Colleges and universities are graduating fewer students than ever that are prepared to teach, but Bibb schools is going high-tech to fill some of their vacancies.
One Weaver Middle School sixth grade class is just a little different from the others in the building.
“I have a virtual teacher and she's very cool,” said student Sydney Pauldo.
She is one of dozens of students in Bibb County's pilot program that uses virtual teachers from Proximity Learning.
Students aren’t the only ones in the room -- there is a long term substitute supervising the children, while their teacher is in Texas.
“She does the instruction and I do the classroom management. I make sure they are logged onto their computers and make sure it runs smoothly so the kids are not just going wild,” said Shikesha Thornton.
Each student can see and interact with the teacher online through their own laptop.
Kamiyah Jackson says they even virtually raise their hand with a click of the mouse.
“They have a little icon on the side of the computer and it has one that raises your hand and she might put out the chat box so you can ask the question,” said Jackson.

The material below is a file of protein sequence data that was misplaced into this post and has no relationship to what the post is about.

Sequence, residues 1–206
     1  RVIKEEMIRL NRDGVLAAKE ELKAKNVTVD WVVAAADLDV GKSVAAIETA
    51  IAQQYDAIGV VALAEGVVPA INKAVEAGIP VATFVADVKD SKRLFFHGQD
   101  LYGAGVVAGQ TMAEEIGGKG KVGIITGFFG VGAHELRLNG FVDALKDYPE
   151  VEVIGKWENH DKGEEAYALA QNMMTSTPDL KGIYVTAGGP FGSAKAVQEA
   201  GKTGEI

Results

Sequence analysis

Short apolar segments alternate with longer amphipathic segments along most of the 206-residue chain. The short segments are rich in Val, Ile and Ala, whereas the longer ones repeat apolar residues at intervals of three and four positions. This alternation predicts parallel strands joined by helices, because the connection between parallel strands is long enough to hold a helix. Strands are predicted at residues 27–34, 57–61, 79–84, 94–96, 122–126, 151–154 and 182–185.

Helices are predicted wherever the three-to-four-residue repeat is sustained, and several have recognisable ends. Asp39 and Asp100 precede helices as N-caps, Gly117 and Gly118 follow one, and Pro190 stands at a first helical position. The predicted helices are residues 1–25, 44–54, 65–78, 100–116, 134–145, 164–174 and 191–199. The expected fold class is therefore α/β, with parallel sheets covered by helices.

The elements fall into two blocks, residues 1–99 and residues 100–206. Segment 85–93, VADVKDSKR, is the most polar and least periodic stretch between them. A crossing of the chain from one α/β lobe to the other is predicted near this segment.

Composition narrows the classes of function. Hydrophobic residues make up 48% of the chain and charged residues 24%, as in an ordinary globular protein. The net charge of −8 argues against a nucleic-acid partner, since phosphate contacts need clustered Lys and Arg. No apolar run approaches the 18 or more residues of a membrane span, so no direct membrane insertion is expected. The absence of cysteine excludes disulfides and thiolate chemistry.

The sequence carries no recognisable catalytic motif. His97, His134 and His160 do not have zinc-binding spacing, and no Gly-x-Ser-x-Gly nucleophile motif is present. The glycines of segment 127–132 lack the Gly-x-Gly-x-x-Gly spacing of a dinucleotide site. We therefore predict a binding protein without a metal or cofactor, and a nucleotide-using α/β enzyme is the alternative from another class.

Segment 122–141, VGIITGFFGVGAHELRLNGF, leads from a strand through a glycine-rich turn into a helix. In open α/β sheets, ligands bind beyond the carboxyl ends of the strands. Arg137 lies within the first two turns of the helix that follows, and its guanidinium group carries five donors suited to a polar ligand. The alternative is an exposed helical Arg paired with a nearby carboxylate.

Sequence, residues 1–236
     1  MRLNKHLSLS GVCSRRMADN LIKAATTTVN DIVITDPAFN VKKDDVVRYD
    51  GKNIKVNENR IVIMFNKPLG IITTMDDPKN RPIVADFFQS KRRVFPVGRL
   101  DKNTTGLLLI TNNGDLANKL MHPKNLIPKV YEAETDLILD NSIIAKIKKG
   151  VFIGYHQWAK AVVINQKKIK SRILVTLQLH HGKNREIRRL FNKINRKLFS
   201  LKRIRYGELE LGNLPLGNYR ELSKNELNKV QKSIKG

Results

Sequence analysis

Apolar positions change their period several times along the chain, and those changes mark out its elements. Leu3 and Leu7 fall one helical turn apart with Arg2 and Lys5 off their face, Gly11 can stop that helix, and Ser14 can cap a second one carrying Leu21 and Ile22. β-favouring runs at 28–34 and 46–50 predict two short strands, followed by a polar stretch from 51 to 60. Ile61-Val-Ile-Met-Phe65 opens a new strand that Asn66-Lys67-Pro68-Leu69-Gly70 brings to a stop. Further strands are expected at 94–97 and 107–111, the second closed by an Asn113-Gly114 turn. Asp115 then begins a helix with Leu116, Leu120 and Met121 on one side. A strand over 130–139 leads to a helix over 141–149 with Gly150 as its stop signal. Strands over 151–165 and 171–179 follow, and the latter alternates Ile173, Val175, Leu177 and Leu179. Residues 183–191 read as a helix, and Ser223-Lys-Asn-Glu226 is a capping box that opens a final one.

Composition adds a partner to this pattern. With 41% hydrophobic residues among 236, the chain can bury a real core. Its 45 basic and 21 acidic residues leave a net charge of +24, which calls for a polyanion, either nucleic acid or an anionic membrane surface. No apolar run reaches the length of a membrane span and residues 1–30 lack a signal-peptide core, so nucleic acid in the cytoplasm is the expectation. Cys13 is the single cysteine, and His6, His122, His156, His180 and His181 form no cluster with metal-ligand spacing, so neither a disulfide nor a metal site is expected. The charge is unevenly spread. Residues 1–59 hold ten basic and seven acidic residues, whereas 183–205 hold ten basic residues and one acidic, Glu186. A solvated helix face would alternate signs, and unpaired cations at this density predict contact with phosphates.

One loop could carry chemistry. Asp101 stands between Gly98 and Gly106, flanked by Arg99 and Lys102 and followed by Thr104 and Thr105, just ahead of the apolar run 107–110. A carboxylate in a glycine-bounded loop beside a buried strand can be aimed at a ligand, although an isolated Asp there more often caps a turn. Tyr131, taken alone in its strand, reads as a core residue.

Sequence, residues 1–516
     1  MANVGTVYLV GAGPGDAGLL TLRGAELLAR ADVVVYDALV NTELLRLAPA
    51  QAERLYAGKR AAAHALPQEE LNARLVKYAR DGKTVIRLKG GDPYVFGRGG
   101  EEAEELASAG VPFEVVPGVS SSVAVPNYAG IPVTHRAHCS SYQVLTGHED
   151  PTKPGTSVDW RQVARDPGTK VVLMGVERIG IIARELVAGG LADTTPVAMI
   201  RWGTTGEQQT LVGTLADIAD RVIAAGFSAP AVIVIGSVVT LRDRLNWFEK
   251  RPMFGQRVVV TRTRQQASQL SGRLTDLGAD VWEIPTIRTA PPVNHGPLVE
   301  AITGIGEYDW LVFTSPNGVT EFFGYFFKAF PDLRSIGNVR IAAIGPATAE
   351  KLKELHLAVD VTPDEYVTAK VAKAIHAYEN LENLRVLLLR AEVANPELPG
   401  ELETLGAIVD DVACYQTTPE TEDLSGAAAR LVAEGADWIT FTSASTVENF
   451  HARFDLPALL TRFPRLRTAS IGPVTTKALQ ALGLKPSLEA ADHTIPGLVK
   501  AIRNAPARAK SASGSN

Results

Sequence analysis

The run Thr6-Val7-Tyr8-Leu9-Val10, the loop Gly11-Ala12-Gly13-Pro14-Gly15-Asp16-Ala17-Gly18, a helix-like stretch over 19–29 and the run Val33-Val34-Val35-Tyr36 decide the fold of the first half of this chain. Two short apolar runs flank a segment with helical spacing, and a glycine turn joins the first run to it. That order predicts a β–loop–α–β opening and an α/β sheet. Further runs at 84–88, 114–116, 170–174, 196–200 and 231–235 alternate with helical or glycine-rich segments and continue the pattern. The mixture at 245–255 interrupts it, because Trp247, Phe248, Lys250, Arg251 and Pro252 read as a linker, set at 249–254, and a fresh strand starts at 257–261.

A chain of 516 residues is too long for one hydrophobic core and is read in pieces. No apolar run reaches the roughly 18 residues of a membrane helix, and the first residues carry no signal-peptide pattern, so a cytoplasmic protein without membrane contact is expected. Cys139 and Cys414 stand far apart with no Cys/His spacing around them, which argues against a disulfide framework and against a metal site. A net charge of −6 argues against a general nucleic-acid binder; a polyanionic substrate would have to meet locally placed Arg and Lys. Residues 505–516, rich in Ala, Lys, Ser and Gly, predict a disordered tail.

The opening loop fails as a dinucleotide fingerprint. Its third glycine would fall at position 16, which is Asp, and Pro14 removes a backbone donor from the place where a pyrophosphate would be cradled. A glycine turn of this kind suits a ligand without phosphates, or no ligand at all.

With all the technology, Paul Ogoh says some days are more challenging than others.
“Sometimes the connection goes low and comes back up and her screen freezes,” said Ogoh.
Despite a few glitches, they still keep moving forward and they say it's not much different than other classes.
“We're doing the same thing, it’s just that she's not there really,” said Pauldo.
This may be the way of the future, but for now it's just a trial.
Ballard Hudson Middle School and Martin Luther King Elementary are also trying out the virtual teacher program.
According to Bibb Schools, they do not provide benefits for the substitute or the virtual teacher, so the combined cost is equivalent or a little than a highly qualified in-person classroom teacher.